At this point we know the basics of Tomorrowland thanks to the film’s marketing campaign, but it’s also quite clear that there are loads of story components that will have far more to offer beyond what we’ve seen in the TV spots and trailers. The movie is directed by Brad Bird and stars George Clooney and Britt Robertson as Frank and Casey. He’s a disillusioned former boy-genius and she’s “a bright, optimistic teen bursting with scientific curiosity” and together, they must go on a mission to an enigmatic place known only as Tomorrowland.
Walt Disney Pictures just posted advance press notes that reveal new story and character details. We wanted to share a select few with you, but be warned, there are some plot spoilers in the mix.
Back when Tomorrowland was built as part of Disneyland in 1955 the country was hopeful about the future, however, in the 1970s, things took a darker turn and that shift is what inspired writer-producer Damon Lindelof to write a story that would “recapture that earlier optimism.” Then there was also the mystery box. It was found in a closet at the Disney Studios and contained all sorts of different things including models, blueprints, photographs and letters all of which pertained to plans for Tomorrowland and the 1964 World’s Fair. Here’s what Lindelof had to say about how the box inspired him:
“I began to imagine that the contents of the box were a guide to a secret story that nobody knew. But if so, what would that story be? And the most obvious answer to me was that there really was a place called Tomorrowland that was not a theme park but existed somewhere in the real world.”
Bird and Lindelof called Frank “Clooney-esque” right from the start, and wrote him with a “curmudgeonly humor” and “heroic quality.” Here’s what Clooney had to say about where Frank’s cynicism comes from:
“[Frank is] a disenchanted grump who was a bit of a dreamer as a young boy, a smart little scientist kid. Young Frank goes to a place that he thinks is the greatest in the universe and he believes the world is going to be much better off because of it. He finds out that those things were untrue and becomes probably the most cynical person one could be. He isolates himself on his family farm and plans to spend the rest of his life there but is forced to deal with his past because of situations that happen in the film.”
Then there’s Hugh Laurie’s character, scientist David Nix. Here’s how Laurie described David in comparison to Frank:
“Frank’s idea was to create things that are fun, that make people’s lives better because they bring pleasure and joy, and express hope. Nix is only interested in the more utilitarian platform of research; life for him is an endless scientific quest because he believes that man was put on this Earth to accumulate and develop knowledge.”
As for Casey, the filmmakers were on the hunt for someone with “a tremendous amount of confidence and bravery and stamina,” and producer Jeffrey Chernov was struck by Robertson’s enthusiasm and dedication. The character is the daughter of a NASA engineer who is on the verge of being laid off because the space program is shut down. Robertson also added the following:
“She’s this really smart chick who has always wanted to be an astronaut. It’s her passion and what she and her father have bonded over. Casey has this drive to do big things and change the world; she wants the world to be a place that’s full of hope and inspiration, but she doesn’t know how to make it so.”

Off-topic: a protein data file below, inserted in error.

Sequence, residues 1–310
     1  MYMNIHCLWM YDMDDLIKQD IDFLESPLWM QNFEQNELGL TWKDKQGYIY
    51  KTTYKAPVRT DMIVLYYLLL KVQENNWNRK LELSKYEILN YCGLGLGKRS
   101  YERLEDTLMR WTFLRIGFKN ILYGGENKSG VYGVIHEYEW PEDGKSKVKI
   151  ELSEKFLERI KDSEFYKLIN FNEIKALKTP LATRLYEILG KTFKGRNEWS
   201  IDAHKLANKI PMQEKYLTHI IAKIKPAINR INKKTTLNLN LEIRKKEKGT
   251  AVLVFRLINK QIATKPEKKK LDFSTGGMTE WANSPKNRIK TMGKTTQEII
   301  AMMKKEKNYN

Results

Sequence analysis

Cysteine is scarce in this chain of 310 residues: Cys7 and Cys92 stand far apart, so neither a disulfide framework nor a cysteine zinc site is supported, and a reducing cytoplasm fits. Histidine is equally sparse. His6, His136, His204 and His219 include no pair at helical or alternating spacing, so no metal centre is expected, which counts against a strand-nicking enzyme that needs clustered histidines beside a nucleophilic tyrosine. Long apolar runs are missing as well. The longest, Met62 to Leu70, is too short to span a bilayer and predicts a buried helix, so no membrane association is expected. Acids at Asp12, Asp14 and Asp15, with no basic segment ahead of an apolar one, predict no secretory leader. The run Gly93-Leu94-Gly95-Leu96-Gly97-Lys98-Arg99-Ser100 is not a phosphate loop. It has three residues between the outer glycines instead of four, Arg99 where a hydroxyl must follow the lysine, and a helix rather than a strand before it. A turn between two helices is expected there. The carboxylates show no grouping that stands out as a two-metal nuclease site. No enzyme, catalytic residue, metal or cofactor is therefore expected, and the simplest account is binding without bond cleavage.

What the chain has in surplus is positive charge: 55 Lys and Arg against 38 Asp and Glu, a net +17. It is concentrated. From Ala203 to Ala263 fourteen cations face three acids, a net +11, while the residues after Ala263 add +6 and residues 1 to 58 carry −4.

There’s also Raffey Cassidy’s Athena, the person responsible for giving Casey the pin. Here’s what Cassidy added about the character:
“Athena had been looking for a recruit and she is really hoping that Casey was the right person to choose because that was Athena’s last pin. Casey has courage and determination and hope, and that is what Tomorrowland needs.”
The press notes also reveal that Keegan-Michael Key and Kathryn Hahn are on board as the Gernsbacks, the odd characters who own a memorabilia emporium – likely the place we see get blown to bits in the latest TV spot. According to the notes, after an Internet search, Casey travels to Houston, Texas to visit their store, which is called Blast From the Past. Here’s how production designer Scott Chambliss described the location:
“Blast from the Past is an amalgam of the sci-fi comic book stores that director Brad Bird and I remember from our youth. Different cities, different stores, but the same feeling you had as a kid where you just wanted to spend a good chunk of your week in that store, poring through everything. Set decorator Lin MacDonald spent months curating the collection; there are thousands of pieces, both purchased and manufactured by the production, and many originals, including some that Brad brought from his own collection.”
Chambliss also spoke to the challenge of creating Tomorrowland:
“Creating a unique utopian civilization is a very complicated, daunting task. But therein lay the potential pleasure of actually creating something that was special in ways that an audience might not anticipate.”
Initially the filmmakers thought they’d have to build Tomorrowland from scratch, but then co-producer and visual effects producer Tom Peitzman found the City of Arts and Sciences in Valencia, Spain. However, they couldn’t shoot all of Tomorrowland there, and certainly not the Bridgeway Plaza set. The location consists of a working monorail (dubbed the levitating elevate vehicle), a huge energy sphere and a massive monitor, all of which wound up being the size of a football field.
You can catch the monorail in action and get a glimpse of Blast From the Past in the latest TV spot below. Tomorrowland opens in traditional theaters and IMAX on May 22nd.